I. noun Etymology: Middle English carole, from Anglo-French, modification of Late Latin choraula choral song, from Latin, choral accompanist, from Greek choraulēs, from choros chorus + aulein to play a reed instrument, from aulos, a reed instrument — more at alveolus Date: 14th century 1. an old round dance with singing 2. a song of joy or mirth <
the carol of a bird — Lord Byron
3. a popular song or ballad of religious joy II. verb (-oled or -olled; -oling or -olling) Date: 14th century intransitive verb 1. to sing especially in a joyful manner 2. to sing carols; specifically to go about outdoors in a group singing Christmas carols transitive verb 1. to praise in or as if in song 2. to sing especially in a cheerful manner ; warblecaroler or caroller noun

New Collegiate Dictionary. 2001.


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  • Carol — Car ol, v. t. [imp. & p. p. {Caroled}, or {Carolled}; p. pr. & vb. n. {Caroling}, or {Carolling}.] [1913 Webster] 1. To praise or celebrate in song. [1913 Webster] The Shepherds at their festivals Carol her goodness. Milton. [1913 Webster] 2. To… …   The Collaborative International Dictionary of English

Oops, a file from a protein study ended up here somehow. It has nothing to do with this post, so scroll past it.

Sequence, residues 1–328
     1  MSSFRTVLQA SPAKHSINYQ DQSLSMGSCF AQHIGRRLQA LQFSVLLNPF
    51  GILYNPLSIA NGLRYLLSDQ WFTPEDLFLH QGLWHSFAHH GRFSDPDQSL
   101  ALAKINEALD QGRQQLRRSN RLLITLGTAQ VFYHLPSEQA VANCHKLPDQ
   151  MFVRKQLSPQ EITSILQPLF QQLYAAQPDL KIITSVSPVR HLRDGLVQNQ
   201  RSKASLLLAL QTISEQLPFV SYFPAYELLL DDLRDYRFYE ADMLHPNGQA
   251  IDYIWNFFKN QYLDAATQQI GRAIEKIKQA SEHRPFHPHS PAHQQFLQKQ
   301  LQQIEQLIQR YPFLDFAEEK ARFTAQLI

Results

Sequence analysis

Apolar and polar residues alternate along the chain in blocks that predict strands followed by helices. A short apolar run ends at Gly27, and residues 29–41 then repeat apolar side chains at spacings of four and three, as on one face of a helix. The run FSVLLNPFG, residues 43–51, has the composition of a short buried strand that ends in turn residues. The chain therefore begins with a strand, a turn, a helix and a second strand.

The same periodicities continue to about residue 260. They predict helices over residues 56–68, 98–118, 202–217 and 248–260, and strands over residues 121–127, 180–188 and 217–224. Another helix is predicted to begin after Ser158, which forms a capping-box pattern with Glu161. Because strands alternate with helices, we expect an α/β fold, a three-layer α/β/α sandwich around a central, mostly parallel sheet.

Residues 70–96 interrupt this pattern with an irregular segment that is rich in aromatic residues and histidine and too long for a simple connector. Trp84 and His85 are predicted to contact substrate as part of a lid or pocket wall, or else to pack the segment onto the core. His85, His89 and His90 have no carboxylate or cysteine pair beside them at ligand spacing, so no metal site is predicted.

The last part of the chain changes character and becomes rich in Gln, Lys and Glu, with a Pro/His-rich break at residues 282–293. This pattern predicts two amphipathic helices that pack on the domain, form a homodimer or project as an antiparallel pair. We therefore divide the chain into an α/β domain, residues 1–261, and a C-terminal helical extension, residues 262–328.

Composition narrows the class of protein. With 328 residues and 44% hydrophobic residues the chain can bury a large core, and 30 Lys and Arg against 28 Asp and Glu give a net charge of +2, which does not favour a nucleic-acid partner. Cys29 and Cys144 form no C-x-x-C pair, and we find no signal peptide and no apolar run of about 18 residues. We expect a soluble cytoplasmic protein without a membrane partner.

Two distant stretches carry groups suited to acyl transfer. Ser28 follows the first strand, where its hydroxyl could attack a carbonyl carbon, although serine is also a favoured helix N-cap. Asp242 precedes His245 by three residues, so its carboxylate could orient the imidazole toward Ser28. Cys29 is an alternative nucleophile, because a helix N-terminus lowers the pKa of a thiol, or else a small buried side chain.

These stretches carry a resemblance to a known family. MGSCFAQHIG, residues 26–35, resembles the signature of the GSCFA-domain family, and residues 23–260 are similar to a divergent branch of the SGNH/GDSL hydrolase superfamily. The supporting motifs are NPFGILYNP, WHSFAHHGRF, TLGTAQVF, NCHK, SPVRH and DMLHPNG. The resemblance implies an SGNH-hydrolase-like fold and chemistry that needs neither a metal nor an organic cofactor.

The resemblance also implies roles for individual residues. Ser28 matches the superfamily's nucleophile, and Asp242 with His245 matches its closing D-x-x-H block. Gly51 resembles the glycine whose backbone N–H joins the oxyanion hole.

• Carol — Car ol, v. i. To sing; esp. to sing joyfully; to warble. [1913 Webster] And carol of love s high praise. Spenser. [1913 Webster] The gray linnets carol from the hill. Beattie. [1913 Webster] …   The Collaborative International Dictionary of English

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  • carol — (izg. kȅrol) m DEFINICIJA glazb. 1. od 16. st. engleski naziv za božićne pjesme 2. vokalna forma u Engleskoj u 15. i 16. st. nastala iz srednjovjekovnog plesnog napjeva ETIMOLOGIJA engl …   Hrvatski jezični portal

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